Philips LED light bulb is comically flattened

I don’t know what’s used in automotive taillights. I’d be a bit surprised if they used dimming at all. Incandescent bulb taillights don’t use dimming. If any dimming is done, it’s done by having two bulbs and only lighting 1 to get a dimmer light.

Most LED tail-lights I’ve seen use an array of LEDs, In that case, dividing the LEDs into two sets (so two interleaved arrays) and turning one or the other set off is a reasonable way to get dimming.

The only reason to use flickering in taillights would be for heat control. The reason you can’t dump amps of current across an LED is because it would overheat. For one gloriously brief moment it’ll be super-bright, then dark forever. But the light output of an LED is roughly proportional to the current through it: an LED will be twice as bright with 200mA and with 100mA of current – and generate twice the heat/use twice the power. If you run the LED at 200mA and 50% duty cycle, it’ll have the same average brightness/heat/power as the 100mA continuous duty. But the eye works better as a peak-detector than average detector, so the 200mA/50% duty cycle LED will appear brighter than the 100mA/continuous LED.

But if they do use flickering for that, there’s no reason to use a frequency as low as 85Hz.

One thing I have noticed with some LEDs, especially red LEDs in dim light, is that they tend (to me) to visibly trail the object they are on. I gather that’s because in dim light the rods act much faster than the cones. It’s freaky to see the power light on a moving hand-held radio look like it’s an inch or so behind the radio itself at twilight. Similarly, I find it a lot easier to see flicker of PWM-driven LEDs by rapidly moving the LED or my head, so the flashes get spread out on my retina.

So to me, it’s easier to see weird effects with red LEDs in dim conditions where the LEDs and I are moving relative to each other – like watching car taillights at night.

Psst, wanna see something really bright?

Try putting a 12" fluorescent tube in a microwave. Preferably one you don’t plan to use for food afterwards.


He/she might have got the frequency wrong, but CFLs are still hard on the eyes. On my eyes, anyway. I wasn’t familiar with the spectrum thing, but I suspect that’s why all fluorescents, compact or otherwise, look “sickly” to me.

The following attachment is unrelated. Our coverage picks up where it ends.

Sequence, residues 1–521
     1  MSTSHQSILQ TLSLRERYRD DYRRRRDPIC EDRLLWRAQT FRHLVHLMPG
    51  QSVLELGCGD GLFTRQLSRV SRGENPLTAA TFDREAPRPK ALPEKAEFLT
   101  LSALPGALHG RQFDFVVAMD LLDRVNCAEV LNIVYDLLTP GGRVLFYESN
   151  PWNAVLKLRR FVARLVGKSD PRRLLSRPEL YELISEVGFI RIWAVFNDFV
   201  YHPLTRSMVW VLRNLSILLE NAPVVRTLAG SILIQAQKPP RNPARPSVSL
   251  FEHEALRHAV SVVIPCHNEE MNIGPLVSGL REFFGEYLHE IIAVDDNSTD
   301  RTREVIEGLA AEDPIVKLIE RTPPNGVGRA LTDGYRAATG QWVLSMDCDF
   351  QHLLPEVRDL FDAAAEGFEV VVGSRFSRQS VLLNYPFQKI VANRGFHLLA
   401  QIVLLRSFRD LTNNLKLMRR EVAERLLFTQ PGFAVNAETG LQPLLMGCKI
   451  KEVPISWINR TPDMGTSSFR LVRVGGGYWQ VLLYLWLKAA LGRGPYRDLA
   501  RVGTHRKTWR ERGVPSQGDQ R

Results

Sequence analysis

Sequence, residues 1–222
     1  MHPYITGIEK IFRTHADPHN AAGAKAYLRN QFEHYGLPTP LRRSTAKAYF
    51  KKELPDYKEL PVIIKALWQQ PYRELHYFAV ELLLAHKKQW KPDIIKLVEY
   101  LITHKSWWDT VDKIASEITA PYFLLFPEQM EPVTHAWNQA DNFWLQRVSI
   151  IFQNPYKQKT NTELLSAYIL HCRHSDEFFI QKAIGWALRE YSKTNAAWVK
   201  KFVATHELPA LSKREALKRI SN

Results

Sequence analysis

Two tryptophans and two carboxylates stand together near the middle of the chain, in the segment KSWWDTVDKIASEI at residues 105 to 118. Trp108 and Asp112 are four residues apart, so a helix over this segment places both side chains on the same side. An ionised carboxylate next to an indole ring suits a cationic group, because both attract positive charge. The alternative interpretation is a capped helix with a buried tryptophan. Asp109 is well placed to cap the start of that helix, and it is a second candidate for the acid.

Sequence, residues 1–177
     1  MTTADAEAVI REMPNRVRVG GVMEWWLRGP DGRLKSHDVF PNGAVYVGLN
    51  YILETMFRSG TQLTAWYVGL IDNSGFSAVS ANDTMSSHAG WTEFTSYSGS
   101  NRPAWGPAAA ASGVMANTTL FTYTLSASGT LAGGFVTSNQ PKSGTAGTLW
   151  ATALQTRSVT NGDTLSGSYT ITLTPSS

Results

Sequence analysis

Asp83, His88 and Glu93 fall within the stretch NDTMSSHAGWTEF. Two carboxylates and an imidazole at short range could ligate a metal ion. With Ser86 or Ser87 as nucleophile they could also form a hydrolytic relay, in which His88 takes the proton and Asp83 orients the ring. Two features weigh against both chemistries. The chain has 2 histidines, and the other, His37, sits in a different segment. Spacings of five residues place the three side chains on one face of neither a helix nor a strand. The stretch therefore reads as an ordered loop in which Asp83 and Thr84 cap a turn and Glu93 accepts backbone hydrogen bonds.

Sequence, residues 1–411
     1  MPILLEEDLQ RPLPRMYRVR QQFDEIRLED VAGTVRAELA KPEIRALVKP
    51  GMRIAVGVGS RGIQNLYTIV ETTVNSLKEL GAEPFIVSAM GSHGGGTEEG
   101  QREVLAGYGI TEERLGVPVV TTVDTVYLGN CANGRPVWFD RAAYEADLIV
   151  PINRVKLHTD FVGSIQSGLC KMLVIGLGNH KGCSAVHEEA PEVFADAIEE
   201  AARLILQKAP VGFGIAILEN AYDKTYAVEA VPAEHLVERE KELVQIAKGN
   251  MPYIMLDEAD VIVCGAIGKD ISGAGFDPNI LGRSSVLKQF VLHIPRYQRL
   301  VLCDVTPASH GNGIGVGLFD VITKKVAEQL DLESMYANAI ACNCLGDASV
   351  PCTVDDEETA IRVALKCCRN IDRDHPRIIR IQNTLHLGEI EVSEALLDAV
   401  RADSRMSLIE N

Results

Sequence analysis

This is a very useful discussion! I dislike CFLs, and LEDs can be hit or miss. Those early Philips LED bulbs with the funky yellow plastic work very well, but I’ve got some cheaper Philips LEDs that make a quiet buzzing noise. Glad to hear the flat ones work well, and thanks to all of you for posting information on types of bulbs, dimmers, and other variables.

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I have gotten some good bulbs directly from manufacturers on eBay. There are a lot of options for color (warm/cool) as well as brightness. You also get bulk discounts. When I remodeled my house, purchased an run-down foreclosure recently, I made sure that as many light fixtures as possible all used the same type of bulb. Then, I bought a 20-pack of bulbs at a huge discount. I left the 2009 LEDs in place in the old house as a selling feature.

For those waiting for their old bulbs to burn out, you may wish to check out an online calculator to see how much money you’d save each year by switching. Most LEDs pay for themselves in 3-4 years.

Those still clinging to CFLs should also consider taking their temperature. Some of my old CFLs got to about 230°F, which, in the summertime in an enclosed space like the kitchen with several of those burning, can mean a LOT of extra unwanted heat in the house, which translates into running more air conditioning. I live in the desert southwest, and the summertime electric bills are amazingly steep, as the rates are higher in summer. (I also have solar panels, so I don’t worry so much any more.) Anyway, my LEDs don’t give off much wasted heat, they are generally in the 104°F- 125°F range.

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The sick greenish light is there for a reason. The light intensity is weighted by eye sensitivity-vs-wavelength curve. By blending the phosphor so more gets emitted in green the manufacturer can cook the numbers and get more lumens per watt, for the cost of the light being unusable.